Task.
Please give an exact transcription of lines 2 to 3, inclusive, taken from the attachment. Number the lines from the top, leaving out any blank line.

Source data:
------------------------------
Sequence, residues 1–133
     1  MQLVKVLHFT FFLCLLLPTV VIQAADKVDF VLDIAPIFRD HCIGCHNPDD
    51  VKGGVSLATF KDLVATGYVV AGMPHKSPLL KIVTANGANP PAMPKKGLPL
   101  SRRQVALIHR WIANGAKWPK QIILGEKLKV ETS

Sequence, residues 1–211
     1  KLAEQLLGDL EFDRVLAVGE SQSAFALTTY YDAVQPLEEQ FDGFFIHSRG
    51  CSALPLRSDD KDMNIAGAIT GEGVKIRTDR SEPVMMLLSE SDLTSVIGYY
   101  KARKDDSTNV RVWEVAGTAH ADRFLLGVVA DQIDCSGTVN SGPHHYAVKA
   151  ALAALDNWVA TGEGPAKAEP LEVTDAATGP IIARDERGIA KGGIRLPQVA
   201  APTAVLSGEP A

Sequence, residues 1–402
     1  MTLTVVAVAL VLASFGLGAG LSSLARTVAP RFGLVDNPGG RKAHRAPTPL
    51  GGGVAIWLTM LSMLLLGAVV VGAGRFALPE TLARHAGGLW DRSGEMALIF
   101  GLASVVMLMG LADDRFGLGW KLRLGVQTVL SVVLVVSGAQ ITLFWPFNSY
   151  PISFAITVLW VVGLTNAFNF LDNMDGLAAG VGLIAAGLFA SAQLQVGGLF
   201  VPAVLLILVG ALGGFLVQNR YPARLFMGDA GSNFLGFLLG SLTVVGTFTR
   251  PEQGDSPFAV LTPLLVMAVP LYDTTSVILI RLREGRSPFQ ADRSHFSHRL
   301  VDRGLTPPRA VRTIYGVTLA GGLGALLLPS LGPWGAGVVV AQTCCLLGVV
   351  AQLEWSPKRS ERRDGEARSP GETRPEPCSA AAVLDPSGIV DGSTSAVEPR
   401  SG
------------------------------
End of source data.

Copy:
     1  MQLVKVLHFT FFLCLLLPTV VIQAADKVDF VLDIAPIFRD HCIGCHNPDD
    51  VKGGVSLATF KDLVATGYVV AGMPHKSPLL KIVTANGANP PAMPKKGLPL